20. TP50 says:

    I don’t understand why so many products are made with Spenda if it is bad. That bothers me because I drink a lot of diet Kool-aid drinks. I wonder if there’ll be a time when another sugar substitute is used? I personally like Stevia but someone said it’s of the same makeup?

    Now I have a question about cake. :) If I use whole wheat cake flour will my cake be good ? Everyone I’ve read says their cake tastes like crud and is way too dense when they use wheat flour. I’m thinking they don’t use “cake” flour.

    • Angie Thayer says:

      We have not tested whole wheat flour or whole wheat cake flour in our cake recipes so we cannot guarantee the results. However, substituting whole wheat flour for all-purpose flour typically produces a denser and heavier cake. If you are willing to forgo a completely whole wheat cake many recommendations suggest substituting half of the all-purpose flour with whole wheat flour. You could also contact King Arthur Flour (http://www.kingarthurflour.com/) as they would most likely have some recommendations since flour is their specialty.

  21. Brigid says:

    Is it alright to use honey? My mother is diabetic, and I want to make her cookies she can enjoy. I’m also using rice flour, does that make a difference at all?

    • Angie Thayer says:

      We haven’t tested a lot of recipes using honey as a sugar replacer therefore, according to allrecipes.com: “Honey is 25 to 50% sweeter than sugar, and has a distinctive flavor. The flavors and colors of honey can vary depending upon the bees’ diet–buckwheat honey, for example, is darker and stronger than clover honey. Baked goods made with honey are moist and dense, and tend to brown faster than those made with granulated sugar.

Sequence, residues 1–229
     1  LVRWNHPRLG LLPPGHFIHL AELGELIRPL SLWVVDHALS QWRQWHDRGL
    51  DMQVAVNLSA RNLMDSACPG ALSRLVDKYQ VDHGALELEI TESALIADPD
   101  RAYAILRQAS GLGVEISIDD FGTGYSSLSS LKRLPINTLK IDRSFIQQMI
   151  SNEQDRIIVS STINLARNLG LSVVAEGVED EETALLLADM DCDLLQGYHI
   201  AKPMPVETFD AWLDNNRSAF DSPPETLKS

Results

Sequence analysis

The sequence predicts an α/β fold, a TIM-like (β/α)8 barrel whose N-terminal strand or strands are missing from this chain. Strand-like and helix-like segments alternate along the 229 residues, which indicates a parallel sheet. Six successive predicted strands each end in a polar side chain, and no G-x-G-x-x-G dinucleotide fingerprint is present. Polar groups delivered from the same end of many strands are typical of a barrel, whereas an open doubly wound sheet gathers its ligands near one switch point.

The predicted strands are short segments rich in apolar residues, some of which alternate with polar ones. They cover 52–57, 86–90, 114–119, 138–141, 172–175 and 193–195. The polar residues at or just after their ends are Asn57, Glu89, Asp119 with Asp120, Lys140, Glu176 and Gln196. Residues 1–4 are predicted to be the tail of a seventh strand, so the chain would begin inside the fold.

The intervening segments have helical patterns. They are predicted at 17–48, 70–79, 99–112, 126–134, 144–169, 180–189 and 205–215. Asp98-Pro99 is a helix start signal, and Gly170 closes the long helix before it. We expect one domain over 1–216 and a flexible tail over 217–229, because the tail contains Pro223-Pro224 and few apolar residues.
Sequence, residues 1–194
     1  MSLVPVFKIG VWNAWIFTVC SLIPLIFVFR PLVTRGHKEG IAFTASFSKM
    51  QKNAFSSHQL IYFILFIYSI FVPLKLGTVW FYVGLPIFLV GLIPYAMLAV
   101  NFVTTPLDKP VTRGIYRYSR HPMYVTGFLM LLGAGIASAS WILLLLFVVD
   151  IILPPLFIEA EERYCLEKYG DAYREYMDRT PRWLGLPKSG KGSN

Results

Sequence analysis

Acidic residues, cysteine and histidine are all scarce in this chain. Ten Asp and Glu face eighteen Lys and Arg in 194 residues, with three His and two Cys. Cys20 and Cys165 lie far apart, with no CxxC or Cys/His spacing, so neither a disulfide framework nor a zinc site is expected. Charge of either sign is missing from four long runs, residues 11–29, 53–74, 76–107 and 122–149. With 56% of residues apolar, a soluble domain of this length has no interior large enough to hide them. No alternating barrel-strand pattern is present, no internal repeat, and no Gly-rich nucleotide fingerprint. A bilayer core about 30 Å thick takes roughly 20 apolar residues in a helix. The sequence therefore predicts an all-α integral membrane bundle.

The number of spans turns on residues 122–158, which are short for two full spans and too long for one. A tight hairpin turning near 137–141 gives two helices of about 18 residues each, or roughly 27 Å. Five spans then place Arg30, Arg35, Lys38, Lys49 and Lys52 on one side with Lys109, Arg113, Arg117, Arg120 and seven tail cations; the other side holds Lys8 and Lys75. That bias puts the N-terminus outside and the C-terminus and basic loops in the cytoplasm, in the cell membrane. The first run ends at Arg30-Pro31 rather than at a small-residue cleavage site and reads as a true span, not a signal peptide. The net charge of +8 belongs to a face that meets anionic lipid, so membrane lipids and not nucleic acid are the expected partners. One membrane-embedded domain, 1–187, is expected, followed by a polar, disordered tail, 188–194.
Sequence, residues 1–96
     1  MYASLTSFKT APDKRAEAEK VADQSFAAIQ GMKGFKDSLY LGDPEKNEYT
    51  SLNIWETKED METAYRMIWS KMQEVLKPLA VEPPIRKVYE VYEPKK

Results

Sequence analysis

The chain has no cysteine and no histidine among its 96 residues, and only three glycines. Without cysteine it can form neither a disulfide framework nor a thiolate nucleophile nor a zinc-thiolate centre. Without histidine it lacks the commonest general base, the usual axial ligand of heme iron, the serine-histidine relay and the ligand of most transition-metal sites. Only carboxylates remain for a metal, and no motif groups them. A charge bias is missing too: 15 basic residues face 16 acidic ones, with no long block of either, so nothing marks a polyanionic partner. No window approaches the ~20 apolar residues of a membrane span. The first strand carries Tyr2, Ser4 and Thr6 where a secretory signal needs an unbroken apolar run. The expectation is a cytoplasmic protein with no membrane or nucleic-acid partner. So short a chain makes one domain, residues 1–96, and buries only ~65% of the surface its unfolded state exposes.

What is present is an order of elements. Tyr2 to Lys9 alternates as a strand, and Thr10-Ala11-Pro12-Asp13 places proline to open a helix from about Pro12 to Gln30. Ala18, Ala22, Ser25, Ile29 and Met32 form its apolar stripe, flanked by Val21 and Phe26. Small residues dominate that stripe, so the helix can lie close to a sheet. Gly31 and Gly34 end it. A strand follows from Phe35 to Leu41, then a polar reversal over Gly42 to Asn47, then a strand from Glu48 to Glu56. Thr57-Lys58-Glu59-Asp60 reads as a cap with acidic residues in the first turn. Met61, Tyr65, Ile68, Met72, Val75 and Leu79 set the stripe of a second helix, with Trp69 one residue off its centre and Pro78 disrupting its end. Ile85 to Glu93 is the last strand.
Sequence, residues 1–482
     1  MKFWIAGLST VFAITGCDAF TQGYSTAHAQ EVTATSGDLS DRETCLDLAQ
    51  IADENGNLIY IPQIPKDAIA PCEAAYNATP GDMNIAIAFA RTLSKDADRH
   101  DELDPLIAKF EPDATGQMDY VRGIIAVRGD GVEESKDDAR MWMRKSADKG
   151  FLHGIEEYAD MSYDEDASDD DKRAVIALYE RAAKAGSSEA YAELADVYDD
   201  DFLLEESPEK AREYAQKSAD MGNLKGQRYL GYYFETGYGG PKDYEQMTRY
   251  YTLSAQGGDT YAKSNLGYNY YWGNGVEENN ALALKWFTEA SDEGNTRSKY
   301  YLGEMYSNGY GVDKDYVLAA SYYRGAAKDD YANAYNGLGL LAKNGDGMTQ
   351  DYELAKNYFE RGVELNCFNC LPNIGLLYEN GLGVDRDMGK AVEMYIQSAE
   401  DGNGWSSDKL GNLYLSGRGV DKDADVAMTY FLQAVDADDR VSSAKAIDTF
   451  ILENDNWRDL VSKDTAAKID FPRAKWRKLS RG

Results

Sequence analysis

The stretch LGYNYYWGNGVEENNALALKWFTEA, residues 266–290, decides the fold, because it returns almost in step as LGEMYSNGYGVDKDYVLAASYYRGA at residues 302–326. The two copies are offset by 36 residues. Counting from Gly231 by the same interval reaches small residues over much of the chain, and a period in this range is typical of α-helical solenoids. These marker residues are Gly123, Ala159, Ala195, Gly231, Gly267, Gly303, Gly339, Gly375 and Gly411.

Use Âľ cup plus 1 tablespoon honey in place of 1 cup sugar, and reduce the other liquid ingredients by 2 tablespoons. Unless the recipe includes sour cream or buttermilk, add a pinch of baking soda to neutralize the acidity.”

      If you are looking at using rice flour due to its carbohydrate content it will not provide a significant lowering compared to all purpose or wheat flour. If you have a personal preference to use it just remember that rice flour will most likely need to be mixed with another flour when it comes to baking. When making substitutions to recipes I highly recommend testing the recipe prior to the big event. Good luck!

  22. Lisa Bell says:

    I am looking for a sugar substitute that will go into a gluey frosting like royal icing for Gingerbread houses. Will rice flour work? Any help you can offer would be appreciated. The house I wish to make is for animals.